Generations of extinct iguanas on a Galapagos Island have been reborn nearly two centuries after they were first recorded by Charles Darwin.
The Galapagos land iguana was completely exterminated on the island of Santiago.
The Galapagos Archipelago is located east of South America and is a province of Ecuador.
Listed as vulnerable on the International Union for Conservation of Nature (IUCN) Red List of Threatened Species, thousands of iguanas were reintroduced to the island.
Now images show the lizard is breeding again on the island.
Galapagos National Park said in a statement: “Two centuries later, land iguanas are born again on the island of Santiago.
“Galapagos National Park experts and scientific advisors have verified through monitoring that after nearly two centuries, the land iguanas of the species Conolophus subcristatus occur again on Santiago Island.”
The statement continued: “3,143 of these specimens were reintroduced three years ago with the aim of restoring the island’s ecosystem.
“The team covered about 36 square kilometers and found new individuals of different ages, showing that this species is successfully reproducing.
“The iguanas were physically evaluated, weight and height measurements were taken and the new individuals were tagged for later identification.”
Galapagos National Park director Danny Rueda Cordova said: “187 years later, we are witnessing another healthy population of land iguanas, with adults, juveniles and newborns, on Santiago Island.
“This is a significant conservation achievement and strengthens our hopes for the recovery of islands severely damaged by introduced species.
“As an environmental authority, we will continue to take actions that allow us to approach the ecological integrity of the island’s ecosystem.”
Luis Ortiz-Catedral, head of the expedition, said: “The island has already started to show positive changes thanks to the distribution of iguanas, as they have opened trails, removed soil and dispersed seeds and other results such as changes in population dynamics and greater availability of food for others. Endemic species such as hawks will be seen in a few years.”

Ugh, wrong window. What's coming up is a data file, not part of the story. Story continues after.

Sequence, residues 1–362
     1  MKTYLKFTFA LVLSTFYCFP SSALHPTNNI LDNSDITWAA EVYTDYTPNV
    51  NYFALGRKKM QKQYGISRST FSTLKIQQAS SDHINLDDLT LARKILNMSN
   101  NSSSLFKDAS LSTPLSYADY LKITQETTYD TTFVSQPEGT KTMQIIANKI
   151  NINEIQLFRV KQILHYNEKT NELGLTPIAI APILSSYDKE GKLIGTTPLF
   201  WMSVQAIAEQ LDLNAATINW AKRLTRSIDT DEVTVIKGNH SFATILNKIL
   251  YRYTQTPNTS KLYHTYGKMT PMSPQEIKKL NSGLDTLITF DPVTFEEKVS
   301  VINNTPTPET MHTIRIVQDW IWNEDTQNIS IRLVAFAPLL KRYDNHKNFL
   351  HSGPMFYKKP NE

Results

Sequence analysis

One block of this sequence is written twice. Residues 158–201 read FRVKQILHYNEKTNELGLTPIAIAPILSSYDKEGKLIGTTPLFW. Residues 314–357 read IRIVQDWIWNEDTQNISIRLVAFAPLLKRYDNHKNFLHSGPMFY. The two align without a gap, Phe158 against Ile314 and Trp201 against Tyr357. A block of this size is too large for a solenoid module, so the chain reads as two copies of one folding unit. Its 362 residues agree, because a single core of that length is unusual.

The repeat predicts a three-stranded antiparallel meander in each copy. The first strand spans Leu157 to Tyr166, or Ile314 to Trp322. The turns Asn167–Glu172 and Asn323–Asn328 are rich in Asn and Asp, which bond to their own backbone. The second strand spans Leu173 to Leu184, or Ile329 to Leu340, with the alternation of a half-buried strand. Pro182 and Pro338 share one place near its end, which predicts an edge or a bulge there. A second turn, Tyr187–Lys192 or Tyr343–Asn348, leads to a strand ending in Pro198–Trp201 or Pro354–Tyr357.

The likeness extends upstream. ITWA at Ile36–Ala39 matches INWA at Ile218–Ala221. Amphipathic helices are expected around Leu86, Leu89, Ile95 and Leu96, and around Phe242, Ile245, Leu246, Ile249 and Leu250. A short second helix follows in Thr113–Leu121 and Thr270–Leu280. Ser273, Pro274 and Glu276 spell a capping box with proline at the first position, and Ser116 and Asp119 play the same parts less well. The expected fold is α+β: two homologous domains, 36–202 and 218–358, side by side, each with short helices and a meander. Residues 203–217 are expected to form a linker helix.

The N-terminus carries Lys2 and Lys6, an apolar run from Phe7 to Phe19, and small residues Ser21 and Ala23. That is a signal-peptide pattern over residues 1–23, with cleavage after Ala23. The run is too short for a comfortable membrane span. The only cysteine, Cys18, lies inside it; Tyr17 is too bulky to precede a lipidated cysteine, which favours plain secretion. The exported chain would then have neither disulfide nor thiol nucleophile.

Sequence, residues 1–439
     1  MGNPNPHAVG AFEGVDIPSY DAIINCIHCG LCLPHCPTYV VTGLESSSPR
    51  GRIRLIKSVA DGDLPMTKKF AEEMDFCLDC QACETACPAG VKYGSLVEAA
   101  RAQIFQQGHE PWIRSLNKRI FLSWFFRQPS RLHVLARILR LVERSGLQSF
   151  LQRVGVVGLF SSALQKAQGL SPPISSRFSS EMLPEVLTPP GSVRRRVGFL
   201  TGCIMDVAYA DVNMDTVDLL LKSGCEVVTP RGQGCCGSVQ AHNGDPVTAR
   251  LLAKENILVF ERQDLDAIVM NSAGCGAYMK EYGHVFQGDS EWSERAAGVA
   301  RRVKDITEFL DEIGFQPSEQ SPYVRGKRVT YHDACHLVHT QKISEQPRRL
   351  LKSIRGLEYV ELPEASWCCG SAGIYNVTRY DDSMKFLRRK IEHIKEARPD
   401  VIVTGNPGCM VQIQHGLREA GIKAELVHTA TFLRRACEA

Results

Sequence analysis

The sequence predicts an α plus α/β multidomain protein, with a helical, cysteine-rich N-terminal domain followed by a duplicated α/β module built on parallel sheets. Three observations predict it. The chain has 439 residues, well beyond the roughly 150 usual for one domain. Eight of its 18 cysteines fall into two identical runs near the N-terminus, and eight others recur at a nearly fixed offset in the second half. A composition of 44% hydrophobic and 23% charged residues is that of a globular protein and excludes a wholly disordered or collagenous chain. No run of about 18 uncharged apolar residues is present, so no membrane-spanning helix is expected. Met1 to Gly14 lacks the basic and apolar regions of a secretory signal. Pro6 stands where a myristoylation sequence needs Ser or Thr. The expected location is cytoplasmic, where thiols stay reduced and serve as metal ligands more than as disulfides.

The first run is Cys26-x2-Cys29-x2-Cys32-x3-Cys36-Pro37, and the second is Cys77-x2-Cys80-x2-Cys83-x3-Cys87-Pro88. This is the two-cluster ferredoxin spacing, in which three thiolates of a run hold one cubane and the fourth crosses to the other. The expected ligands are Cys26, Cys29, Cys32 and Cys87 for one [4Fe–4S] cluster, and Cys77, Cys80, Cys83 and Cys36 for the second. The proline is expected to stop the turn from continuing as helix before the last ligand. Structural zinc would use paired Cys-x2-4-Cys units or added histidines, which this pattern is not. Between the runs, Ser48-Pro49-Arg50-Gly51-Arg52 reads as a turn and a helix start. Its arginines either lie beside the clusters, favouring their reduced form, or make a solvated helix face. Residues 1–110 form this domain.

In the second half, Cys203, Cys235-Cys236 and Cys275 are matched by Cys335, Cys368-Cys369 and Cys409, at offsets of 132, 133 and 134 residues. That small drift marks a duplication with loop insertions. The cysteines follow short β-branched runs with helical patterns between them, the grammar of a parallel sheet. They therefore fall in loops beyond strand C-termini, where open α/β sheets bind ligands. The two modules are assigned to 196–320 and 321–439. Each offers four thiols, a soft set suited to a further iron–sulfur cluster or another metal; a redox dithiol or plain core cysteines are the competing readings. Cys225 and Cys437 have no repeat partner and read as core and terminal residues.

The statement also said: “The ecological recovery of the island of Santiago, one of the largest in the archipelago, began in 2002 with the implementation of the ‘Isabella project’ for the eradication of feral goats and pigs.
“Over the years, the ecosystem started to recover and provided the necessary conditions to accommodate a population of land iguanas, of the same species as the locally extinct ones.
“The ecological assessment of the land iguana population in Santiago is a joint activity of the Galapagos National Park Directorate, Re:Wild, Galapagos Conservation Trust, Island Conservation, Galapagos Conservancy and Fundacion Jocotoco.”
The park explained that in 1835 Darwin recorded the presence of a large number of land iguanas of various ages on the island of Santiago.
But later expeditions, conducted by the California Academy of Sciences, in about 1903 and 1906, found no more living specimens on the island.
Galapagos is Spanish for tortoise, which was nearly wiped out by sailors who hunted them for food. Likewise, in recent years, sailors introduced pigs and goats as food, as well as rats.
This story was provided to Newsweek by Zenger News.